21. ^ Alice Crary, introduction to The New Wittgenstein, ed. Alice Crary and Rupert Read (New York: Routledge, 2000), p. 1.
  22. ^ Silver Bronzo, "The Resolute Reading and Its Critics: An Introduction to the Literature," Wittgenstein-Studien 3 (2012), p. 46.
  23. ^ Crary, Alice (August 9, 2000). Crary, Alice; Read, Rupert J. (eds.). Wittgenstein's Philosophy in Relation to Political Thought. Routledge. pp. 118–145 – via PhilPapers.
  24. ^ Gustafsson, Ylva; Kronqvist, Camilla; McEachrane, Michael, eds. (2009). Emotions and Understanding - Wittgensteinian Perspectives | Y. Gustafsson | Palgrave Macmillan. Palgrave Macmillan UK. doi:10.1057/9780230584464. ISBN 978-1-349-29958-4 – via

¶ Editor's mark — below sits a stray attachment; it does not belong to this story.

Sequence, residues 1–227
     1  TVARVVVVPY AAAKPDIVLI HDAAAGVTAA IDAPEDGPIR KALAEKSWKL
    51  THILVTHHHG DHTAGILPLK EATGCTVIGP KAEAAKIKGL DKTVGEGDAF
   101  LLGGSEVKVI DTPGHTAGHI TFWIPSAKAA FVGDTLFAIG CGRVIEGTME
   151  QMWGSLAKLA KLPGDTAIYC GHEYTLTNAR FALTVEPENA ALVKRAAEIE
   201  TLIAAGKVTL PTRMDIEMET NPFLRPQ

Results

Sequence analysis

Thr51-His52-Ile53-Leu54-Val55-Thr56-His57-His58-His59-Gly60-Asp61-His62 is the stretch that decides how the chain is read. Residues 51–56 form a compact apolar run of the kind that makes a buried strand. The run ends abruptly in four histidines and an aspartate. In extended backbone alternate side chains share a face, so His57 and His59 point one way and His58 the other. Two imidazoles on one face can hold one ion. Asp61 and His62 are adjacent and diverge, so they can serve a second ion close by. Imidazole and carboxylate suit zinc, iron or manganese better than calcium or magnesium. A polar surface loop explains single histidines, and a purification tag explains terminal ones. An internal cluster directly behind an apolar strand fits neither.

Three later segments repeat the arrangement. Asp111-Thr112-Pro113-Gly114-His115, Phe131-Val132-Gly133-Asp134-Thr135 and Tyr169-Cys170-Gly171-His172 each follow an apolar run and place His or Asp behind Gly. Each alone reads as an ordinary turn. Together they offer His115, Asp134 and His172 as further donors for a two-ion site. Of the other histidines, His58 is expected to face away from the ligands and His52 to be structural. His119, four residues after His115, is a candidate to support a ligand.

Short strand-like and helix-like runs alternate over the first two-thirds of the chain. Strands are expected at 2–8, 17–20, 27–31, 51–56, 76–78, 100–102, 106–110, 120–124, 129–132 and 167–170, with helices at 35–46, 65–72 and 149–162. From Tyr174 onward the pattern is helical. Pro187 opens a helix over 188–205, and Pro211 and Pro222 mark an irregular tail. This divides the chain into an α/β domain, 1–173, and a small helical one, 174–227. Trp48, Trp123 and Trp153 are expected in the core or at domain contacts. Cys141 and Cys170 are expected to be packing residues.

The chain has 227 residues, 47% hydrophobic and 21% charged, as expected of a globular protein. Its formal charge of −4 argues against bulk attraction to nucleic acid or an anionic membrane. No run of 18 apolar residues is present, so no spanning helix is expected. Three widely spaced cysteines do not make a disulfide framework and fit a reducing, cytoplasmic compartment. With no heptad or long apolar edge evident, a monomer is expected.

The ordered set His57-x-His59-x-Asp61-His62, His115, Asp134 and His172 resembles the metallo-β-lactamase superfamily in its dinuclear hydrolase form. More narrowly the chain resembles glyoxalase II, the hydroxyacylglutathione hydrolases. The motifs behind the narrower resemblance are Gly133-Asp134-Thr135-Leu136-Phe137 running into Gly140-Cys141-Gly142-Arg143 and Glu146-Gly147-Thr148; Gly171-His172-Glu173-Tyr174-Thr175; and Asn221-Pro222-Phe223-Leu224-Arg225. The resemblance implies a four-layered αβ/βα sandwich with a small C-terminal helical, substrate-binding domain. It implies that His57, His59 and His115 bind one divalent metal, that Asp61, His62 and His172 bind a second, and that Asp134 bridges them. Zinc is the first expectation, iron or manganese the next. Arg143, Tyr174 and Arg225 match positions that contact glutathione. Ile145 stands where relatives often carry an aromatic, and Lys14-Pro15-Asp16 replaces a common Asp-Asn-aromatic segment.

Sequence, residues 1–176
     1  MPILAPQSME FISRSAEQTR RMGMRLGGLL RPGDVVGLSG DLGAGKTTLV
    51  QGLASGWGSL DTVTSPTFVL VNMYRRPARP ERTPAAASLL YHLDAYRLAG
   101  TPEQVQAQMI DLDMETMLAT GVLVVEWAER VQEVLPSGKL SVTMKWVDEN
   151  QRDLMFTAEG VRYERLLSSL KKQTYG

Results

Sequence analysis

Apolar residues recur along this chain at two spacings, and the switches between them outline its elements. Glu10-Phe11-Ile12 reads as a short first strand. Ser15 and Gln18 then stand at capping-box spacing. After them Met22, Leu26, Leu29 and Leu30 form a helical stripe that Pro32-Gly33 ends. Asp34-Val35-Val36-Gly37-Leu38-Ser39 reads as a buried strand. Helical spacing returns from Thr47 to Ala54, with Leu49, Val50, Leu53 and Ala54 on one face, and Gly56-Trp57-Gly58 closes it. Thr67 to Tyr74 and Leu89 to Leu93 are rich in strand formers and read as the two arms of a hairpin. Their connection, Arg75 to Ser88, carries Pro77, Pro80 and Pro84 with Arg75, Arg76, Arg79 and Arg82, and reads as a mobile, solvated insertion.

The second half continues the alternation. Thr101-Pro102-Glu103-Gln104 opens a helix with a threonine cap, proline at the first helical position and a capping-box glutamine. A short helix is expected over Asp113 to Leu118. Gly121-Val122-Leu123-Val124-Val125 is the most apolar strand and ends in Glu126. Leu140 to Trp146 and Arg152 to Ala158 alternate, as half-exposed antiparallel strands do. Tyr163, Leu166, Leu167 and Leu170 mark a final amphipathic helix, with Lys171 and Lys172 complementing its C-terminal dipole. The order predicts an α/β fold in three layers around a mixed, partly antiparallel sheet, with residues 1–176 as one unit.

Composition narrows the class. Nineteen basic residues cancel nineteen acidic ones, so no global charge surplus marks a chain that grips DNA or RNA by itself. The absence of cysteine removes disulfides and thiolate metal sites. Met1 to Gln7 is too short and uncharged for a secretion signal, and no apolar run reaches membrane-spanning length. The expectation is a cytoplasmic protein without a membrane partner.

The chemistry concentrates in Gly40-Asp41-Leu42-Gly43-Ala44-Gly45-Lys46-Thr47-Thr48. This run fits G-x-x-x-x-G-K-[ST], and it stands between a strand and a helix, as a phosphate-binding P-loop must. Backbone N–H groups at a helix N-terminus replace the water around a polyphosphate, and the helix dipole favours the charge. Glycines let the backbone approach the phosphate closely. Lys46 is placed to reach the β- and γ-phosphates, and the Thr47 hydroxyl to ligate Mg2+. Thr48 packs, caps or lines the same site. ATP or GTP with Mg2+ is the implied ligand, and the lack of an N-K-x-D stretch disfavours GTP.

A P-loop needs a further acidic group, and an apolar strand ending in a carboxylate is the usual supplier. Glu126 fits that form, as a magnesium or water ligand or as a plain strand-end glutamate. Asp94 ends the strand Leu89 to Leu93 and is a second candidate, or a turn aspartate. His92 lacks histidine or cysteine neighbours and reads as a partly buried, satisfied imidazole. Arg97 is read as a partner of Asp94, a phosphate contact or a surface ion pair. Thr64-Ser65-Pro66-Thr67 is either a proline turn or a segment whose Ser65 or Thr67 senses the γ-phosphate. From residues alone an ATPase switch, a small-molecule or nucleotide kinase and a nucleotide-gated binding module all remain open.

25. ^ Moyal-Sharrock, D.; Brenner, W., eds. (August 9, 2005). Readings of Wittgenstein's On Certainty. Palgrave Macmillan UK. doi:10.1057/9780230505346. ISBN 978-0-230-53552-7 – via
  26. ^ "Five Questions". Five Questions by Kieran Setiya.
  27. ^ "3:16". 3:16.
  28. ^ "Social Visibility". Social Visibility.
  29. ^ Bauer, Nancy; Crary, Alice; Laugier, Sandra (July 2, 2018). "Opinion | Stanley Cavell and the American Contradiction". The New York Times.
  30. ^ "BBC Radio 3 - Free Thinking, The Working Lunch and Food in History". BBC.
  31. ^,,
  32. ^ Crary, Alice; Wilson, W. Stephen (June 16, 2013). "The Faulty Logic of the 'Math Wars'".
  33. ^ "Alice CRARY".